Monday, January 28, 2008

Angus Lost

This week was dedicated to Angus Lost and proved once again that kids can be unpredictable. If you have been keeping up with the blogs, you will see that we have been doing hands on activities with an emphasis on learning through art work. I hoped that Stephen would begin to enjoy the projects as he saw Rhea working on them, but politely declined the invitations. I had planned this week to de-emphasize art projects this week, and, you guessed it, he wants to be an artist. We had just finished bear hunt and since he knew that there was a cave in Angus Lost, his first project was to design and decorate his own cave. This was entirely his idea and he exectuted it independently. He was also much more focused on his writing, but also had an increased interest in coloring the various characters that he encountered in his books this week. His other crafty activities were taken from the Kumon Method Fold books. We incorporated the horse that pulled the wagon, as well as other vehicles on the road that Angus might have seen on his journey.

Water Color Paintings from Dover
We did both the Old McDonald finger and Dog bag puppet project and the Dog/Cat popsicle project from A Becka Pre-K art. Here is a short performance of Rhea's "show".
Stephen did great with his memory work this week. Angus Lost was organized well and gave the kids the opportunity to tell us what was going to happen on the next page. Stephen was able to recall each scene by the third day and both kids had a great time making the appropriate animal sounds; loudly, of course.

I always try to spend an extra hour with Stephen with Rhea takes a nap. We read My Dog by Heidi Goennel one afternoon and it describes various types of dogs. We then looked up the AKC website to "research" each of these dogs followed by looking up other dogs of his interest.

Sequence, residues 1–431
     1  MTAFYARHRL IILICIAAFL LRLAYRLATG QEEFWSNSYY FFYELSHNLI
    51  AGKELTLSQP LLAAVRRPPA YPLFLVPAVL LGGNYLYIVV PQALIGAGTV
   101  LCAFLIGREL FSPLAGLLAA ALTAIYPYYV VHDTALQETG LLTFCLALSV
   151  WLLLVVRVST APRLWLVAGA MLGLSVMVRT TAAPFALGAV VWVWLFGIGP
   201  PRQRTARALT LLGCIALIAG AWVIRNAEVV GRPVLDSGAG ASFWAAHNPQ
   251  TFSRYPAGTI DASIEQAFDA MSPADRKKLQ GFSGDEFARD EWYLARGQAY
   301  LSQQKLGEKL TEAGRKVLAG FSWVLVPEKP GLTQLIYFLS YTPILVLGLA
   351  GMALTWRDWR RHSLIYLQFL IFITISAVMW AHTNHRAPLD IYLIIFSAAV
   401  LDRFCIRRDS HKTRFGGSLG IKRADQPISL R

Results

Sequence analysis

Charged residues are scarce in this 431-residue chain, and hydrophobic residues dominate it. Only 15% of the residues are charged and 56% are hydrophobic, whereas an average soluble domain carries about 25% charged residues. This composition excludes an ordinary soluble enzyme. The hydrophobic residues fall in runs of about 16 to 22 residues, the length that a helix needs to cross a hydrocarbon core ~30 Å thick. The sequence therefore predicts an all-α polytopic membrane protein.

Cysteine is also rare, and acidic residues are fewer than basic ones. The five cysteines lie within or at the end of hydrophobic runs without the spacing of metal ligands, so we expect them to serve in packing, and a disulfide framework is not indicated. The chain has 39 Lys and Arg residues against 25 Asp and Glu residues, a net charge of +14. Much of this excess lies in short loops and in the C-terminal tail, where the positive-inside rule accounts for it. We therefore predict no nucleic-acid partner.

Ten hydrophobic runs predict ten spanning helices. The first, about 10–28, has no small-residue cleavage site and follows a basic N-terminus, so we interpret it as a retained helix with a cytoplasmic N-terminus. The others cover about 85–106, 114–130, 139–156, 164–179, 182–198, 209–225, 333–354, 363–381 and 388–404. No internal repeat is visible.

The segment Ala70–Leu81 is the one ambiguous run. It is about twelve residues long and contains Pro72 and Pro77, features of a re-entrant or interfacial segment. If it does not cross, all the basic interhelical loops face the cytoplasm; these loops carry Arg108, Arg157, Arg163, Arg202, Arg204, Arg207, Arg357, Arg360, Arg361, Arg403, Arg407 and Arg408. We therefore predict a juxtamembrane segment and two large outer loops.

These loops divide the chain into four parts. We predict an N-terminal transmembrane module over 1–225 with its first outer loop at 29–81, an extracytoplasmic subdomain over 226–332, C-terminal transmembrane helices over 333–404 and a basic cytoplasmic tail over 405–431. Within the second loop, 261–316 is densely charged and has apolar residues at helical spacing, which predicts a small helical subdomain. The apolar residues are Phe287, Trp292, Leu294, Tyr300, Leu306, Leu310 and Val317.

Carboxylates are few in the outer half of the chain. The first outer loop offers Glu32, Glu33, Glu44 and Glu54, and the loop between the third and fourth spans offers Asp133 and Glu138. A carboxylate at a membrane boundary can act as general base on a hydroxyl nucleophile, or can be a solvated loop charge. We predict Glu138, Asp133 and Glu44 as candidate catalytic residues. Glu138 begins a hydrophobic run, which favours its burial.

We also had a wonderful time with our "go along" books this week. One of our favorties was Sally Goes to the Farm by Stephen Huneck. The illlustrations were huge accompained by a simple story and few words on each page. It is a story about a family get together at a farm. One of the families brings there dog to visit with the farm dog and the story takes us through all of their visitations the cow, horse, pig, and goose. Rhea really liked this book and was always quick to point out the page where the dogs join the pig for lunch. The illustation shows the behind of each animal and Rhea would clearly articulate "dog butt, pig butt, dog butt". It wasn't like there weren't other things to focus on in this book. oh well................... She did also always remember the pie that the dogs ate at the end of the book, so all is not lost; no pun intended for Angus's sake.
Another favorite book this week was Kiss the Cow by Phyllis Root. This was a cute book about a mom that would milk the cow each day followed by a kiss to ensure milk for the next day. This went great with Angus Lost since Angus finally comes home with the milk man. The mom used the milk to feed her children cheese and for drinking. The little girl in the story was very curious about milking the cow herself. She snuck up the hill, sang the same song as her mother, and milked the cow. She did not, however, kiss the cow. As you might guess, the cow did not give milk the next day and the rest of the book was to convince the little girl to kiss the cow. In the end, she did and all was well. This was a wonderful book to show the kids where milk comes from and its uses. The kissing just made a cute entertainment factor that both kids enjoyed.